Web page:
It was the summer 2008 and I was so excited for my third Reach Workcamp. Upon arriving in Greenup, Kentucky, I quickly learned that I had been placed in a double crew. I had only attended Reach as a senior high camper once before and my crew was composed of just seven people. This time I would be working in a crew almost double that size. I had two initial thoughts – I was going to make twice as many friends and we were going to be working twice as hard. I was not afraid of hard work and I certainly knew that Reach demanded a lot from its campers, but nothing could have prepared me for the project ahead.
We arrived on Monday to an old, run down house that had already been stripped of its insides. There was a plethora of tasks on our to-do list, some of which I had never even done before: scraping, priming, painting, insulating, dry walling, installing ceiling tiles, carpeting – the list went on and on. We were told that the expectation wasn’t that we would finish all of the tasks, but that we would get as much done as possible.
We got to the dirty work right away. We were the first crew to leave the school every morning and the last crew to return every evening. We even had people volunteer to stay late, just to make sure that we were getting as much done as possible. We stopped briefly for devotions and lunch in the middle of the day, but someone was always doing something.
On Wednesday morning, we had an unexpected visit from a neighbor down the street. The neighbor, a senior in high school, asked if there was anything that she could do to help. Over the next few days, she did small – yet important – tasks around the house and bonded with a few of the crew members.
By Thursday and Friday, extra crews starting coming to our worksite after they had finished their projects early. By Friday, we must have had 50 something teenagers and adults working on the house, scrambling to get the last minute projects done. The neighbor who came to help us quietly excused herself in the morning and returned with sheets, a pillow, and a comforter – we quickly realized that our elderly neighbor had been sleeping on her couch because she could’t assemble her bed and she didn’t have anything to put on it.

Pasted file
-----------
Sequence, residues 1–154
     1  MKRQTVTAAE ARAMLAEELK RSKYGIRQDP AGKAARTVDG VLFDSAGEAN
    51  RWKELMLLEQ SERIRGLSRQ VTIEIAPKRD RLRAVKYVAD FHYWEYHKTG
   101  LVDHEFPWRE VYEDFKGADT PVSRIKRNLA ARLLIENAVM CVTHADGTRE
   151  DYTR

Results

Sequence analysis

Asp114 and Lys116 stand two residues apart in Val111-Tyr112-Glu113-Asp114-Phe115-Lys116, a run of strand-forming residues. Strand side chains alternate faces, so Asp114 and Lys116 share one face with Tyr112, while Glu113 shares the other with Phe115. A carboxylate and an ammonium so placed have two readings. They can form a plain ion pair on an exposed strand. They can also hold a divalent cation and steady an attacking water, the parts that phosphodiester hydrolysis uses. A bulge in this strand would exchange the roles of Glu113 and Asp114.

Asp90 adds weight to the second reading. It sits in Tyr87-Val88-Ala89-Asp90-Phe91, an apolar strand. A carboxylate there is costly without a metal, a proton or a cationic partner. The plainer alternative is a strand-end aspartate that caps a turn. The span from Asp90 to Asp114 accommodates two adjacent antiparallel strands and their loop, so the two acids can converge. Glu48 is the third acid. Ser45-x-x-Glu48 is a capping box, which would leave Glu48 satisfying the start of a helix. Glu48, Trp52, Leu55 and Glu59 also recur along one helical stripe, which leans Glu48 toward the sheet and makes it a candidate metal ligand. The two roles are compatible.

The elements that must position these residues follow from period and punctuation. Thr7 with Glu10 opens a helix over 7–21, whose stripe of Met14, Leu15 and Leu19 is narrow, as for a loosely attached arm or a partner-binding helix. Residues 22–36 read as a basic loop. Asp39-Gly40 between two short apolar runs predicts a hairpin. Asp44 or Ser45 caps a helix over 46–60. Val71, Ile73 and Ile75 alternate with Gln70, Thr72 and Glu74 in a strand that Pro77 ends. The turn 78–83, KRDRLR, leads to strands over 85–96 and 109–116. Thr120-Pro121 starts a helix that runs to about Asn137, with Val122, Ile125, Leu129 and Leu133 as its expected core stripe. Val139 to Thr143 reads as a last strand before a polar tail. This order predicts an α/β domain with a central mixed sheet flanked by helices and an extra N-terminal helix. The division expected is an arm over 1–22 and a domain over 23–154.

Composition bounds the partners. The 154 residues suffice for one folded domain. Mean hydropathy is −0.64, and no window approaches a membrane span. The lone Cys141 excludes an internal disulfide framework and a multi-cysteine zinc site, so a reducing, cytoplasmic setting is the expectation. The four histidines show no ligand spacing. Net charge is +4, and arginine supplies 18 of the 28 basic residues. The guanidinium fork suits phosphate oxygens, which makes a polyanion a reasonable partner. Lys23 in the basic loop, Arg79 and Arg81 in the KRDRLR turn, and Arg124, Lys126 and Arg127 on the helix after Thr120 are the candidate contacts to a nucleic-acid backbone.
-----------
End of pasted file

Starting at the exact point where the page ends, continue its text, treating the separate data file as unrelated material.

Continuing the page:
By the end of the day, there were still a few spots to be painted and holes to be patched, but we were able to give our neighbor the simplest of gifts that she thought was out of reach for her – a warm and cozy bed. I will never forget the look of gratitude on her face when she walked in the door and saw her bedroom set up with a poster of pictures and notes from our crews.
I have had many God moments in my 18 years, but this one stands out from all of the rest. I witnessed teenagers accomplish more renovation and construction in five days than some professionals could in a matter of months. My week in Greenup is a constant reminder of my many blessings from God and how I can do such small things to give back in the name of Christ. I offer this story up to anyone seeking inspiration, because crews 19 and 34 are truly an example that anything is possible when He is on your side.
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